In the midst of choosing a piece of music, my dance instructor forgot which dance we were about to work on. He said he was having a “senior moment.” Given he’s all of 30, that was ludicrous, of course, but it totally got my hackles up. Saying “senior moment” to me, a senior, is not acceptable.
You see, thinking of oneself as forgetful because one is older feeds right into the perception that moving through time means that we decline, that we inevitably lose our ability to function and think clearly.
With that, our body, which is intimately connected to our thoughts and emotions, responds with “as you wish,” and we end up fulfilling that dreadful prophecy.
Science shows that what we think about ourselves impacts our bodies and minds – for good or for ill.
Studies consistently reveal that older individuals who think more positively about aging have better memory, walk faster and – importantly – demonstrate lower adverse cardiovascular responses to stress, as compared to those who think of their aging in a more negative way.
Not only that, but people who have more positive self-perceptions of aging do better in terms of their health and longevity. Those who think of their aging in more negative terms tend to have poorer health and not live as long.
That’s reason enough to examine our self-perceptions about our age and make adjustments if necessary.
After I explained to my dance instructor that I distaste the term ‘senior moment’, he laughed and told me he’ll start using his family’s expression, “CRS,” for such moments, as in “Can’t Remember Stuff.”
I loved it, because there were plenty of times in my 20s, 30s and 40s that I would stand in the middle of the living room wondering why I’d walked in there, and they certainly weren’t attributable to my age.
We have CRS moments at any age, and we don’t attach harmful perceptions to them. We can’t remember stuff. Big deal. We’re human, we’re busy, we get distracted.
When you feel tired, do you think, “I’m getting old. I just don’t have the energy I used to”? Or do you say to yourself, “I’m tired. I think I’ll take a nap”? Or eat an energy bar. Or take a short walk.
Think back to when you were 30. When you got tired, you didn’t say (I hope), “I’m 30. I’m old. That’s why I’m tired.” You said something like, “I need a nap,” or “I’ll eat a banana, that’ll pick me up,” or “I’ll do a few jumping jacks, that’ll get me going again.”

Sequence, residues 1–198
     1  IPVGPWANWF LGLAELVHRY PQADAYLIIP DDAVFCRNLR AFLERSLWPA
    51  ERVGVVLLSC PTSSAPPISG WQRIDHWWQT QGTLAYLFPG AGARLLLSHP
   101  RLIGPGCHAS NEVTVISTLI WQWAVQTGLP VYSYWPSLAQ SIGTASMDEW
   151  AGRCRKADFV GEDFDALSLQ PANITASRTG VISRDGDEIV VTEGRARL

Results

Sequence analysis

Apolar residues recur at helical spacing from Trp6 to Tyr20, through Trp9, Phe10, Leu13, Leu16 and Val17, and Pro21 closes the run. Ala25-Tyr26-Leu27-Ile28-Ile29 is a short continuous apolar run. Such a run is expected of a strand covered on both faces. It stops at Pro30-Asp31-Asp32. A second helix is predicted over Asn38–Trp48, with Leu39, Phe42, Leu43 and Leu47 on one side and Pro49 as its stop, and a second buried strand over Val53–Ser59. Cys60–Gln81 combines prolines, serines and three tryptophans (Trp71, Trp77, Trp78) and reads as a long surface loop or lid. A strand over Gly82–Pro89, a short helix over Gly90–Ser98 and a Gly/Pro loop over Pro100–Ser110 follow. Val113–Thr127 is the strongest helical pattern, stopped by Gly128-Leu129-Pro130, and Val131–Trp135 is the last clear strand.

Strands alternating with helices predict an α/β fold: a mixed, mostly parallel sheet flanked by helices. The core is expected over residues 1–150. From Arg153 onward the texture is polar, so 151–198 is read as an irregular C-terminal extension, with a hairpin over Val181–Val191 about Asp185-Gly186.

It’s not so much what you choose to do to counteract your fatigue, it’s how you think about it. Same thing applies with what you choose to think when you forget where you put your keys, or what time you are supposed to show up for an appointment.
At 30 or 40, you didn’t bat an eye. You figured some way to remember these things and off you’d go. You didn’t say, “I’m 30. That’s it, I’m too old to remember anything.” Why inflict that thought on yourself now?
Your body and mind respond to your thoughts more than to anything else. Yes, of course there are physical ailments and conditions that get in the way of energy and memory, but frankly, there are physical ailments and conditions that impair the healthy functioning of 30-year-olds as well.
For example, do you think that Barbara Walters, famous U.S. groundbreaking TV journalist and producer, at 89, thinks of herself as old? I doubt Ms. Walters thinks much of her age at all.
Instead, she continues to host specials and be a vibrant television presence in what she calls her semi-retirement – and this in a business where supposedly only the young can thrive.
So, let’s stop damaging ourselves with the ‘senior moment’ or any other senior excuse for how we feel and function. Instead, let it be just a CRS moment and then find positive solutions to whatever it is that needs attention.
What techniques do you use for remembering things? What are your thoughts about aging as you move through your 60s, 70s and beyond? Do you find yourself using age as an excuse? Please share your thoughts in the comments below.
Tags Getting Older